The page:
The threat to the idea of a public university

Education is a right, not a privilege reserved for the select elite

Updated - November 20, 2019 12:32 pm IST

Published - November 20, 2019 12:15 am IST

NEW DELHI, 23/03/2018: JNU Students protesting over the issue of compulsory attendance and other issues in New Delhi on March 23, 2018. 
Photo: Special Arrangement

NEW DELHI, 23/03/2018: JNU Students protesting over the issue of compulsory attendance and other issues in New Delhi on March 23, 2018. Photo: Special Arrangement

Even though Jawaharlal Nehru University, where I teach, is in turmoil because of an incompetent administration incapable of communicating with the students and teachers, the larger crisis confronting the idea of a public university needs to be understood. From Jamia Millia Islamia to Jadavpur University, from Visva-Bharati University to Aligarh Muslim University, and from the University of Hyderabad to Delhi University, we are witnessing an organised attack on the fundamentals of a creative centre of learning: critical pedagogy with deep politico-ethical sensibilities; epistemological pluralism; and a minimalist and enabling administration nurturing a transparent and democratic milieu for students, researchers and teachers to flourish as active participants in the cultivation and dissemination of foundational knowledge traditions. With politically appointed vice chancellors, philosophically impoverished techno-managers, new technologies of surveillance, and the militaristic notion of discipline and punishment, it seems some of our finest universities are dying.

The purpose of education

To begin with, it is important to realise that if public universities with good quality, affordable education begin to crumble, the spirit of egalitarian democracy will be in danger. In times characterised by the market-driven principle, where there is commodification of education and reduction of higher education into market-friendly technical skills; where there are fancy private universities and all sorts of institutes of technology and management; and where teachers are seen as mere ‘service providers’ and students as ‘consumers’, education becomes a mere utilitarian/instrumental transaction. And this sort of education can by no means be emancipatory; it is inherently non-democratic, conservative and status quoist.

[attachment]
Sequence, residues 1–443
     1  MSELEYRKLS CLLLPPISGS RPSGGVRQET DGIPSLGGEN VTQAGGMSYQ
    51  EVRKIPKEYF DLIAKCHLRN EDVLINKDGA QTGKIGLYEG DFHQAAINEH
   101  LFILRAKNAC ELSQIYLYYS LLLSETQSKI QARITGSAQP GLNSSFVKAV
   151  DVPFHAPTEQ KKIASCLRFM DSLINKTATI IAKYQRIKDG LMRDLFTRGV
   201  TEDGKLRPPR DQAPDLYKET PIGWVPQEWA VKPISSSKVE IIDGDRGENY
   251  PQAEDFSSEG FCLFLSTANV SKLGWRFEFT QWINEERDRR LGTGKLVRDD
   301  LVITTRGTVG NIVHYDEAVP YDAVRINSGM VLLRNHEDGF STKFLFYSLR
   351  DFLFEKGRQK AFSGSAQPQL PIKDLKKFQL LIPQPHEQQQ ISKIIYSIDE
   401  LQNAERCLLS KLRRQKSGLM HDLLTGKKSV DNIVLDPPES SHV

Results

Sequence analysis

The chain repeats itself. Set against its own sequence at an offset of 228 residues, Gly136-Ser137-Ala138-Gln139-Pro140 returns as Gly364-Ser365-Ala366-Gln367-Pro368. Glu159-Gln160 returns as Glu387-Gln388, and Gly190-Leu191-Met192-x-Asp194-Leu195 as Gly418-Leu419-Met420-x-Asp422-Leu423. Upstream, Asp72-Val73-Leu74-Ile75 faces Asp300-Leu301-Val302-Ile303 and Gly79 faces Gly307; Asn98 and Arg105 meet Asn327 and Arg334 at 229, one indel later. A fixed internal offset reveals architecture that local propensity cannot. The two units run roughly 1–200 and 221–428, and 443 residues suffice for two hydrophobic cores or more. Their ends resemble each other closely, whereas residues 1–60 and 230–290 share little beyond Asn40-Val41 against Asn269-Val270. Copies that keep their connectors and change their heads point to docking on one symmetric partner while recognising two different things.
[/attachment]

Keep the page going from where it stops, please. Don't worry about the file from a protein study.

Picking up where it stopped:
If, as a nation, we are really eager to resist the process of asymmetrical distribution of cultural capital, and the resultant reproduction of social inequality, we have to nurture creative, sensitive citizens through an environment of life-affirming teaching and an egalitarian practice of socialisation. And for this, we have to keep the dream of a public university alive. As I look at JNU, I feel that its promise was essentially the fulfilment of this dream — possibly, some sort of a Nehruvian dream of a welfarist state. With an innovative admission policy; heightened sensitivity to heterogeneity; a blend of critically nuanced social sciences, cultural studies and foundational sciences; and a reasonable degree of autonomy regarding teaching, research and evaluation, the university made its presence felt as a liberating site. It embraced all: a tribal girl from Manipur, a Dalit boy from Maharashtra, a young leftist from Kerala, a radical feminist from Delhi, an Ambedkarite from the hinterland of Uttar Pradesh, and a young wanderer from Germany or Sri Lanka. JNU aroused hope about the possibility of excellence with social justice and equity. It is sad that the present administration is preparing the ground for the death of this grand dream.

Repression of alternative voices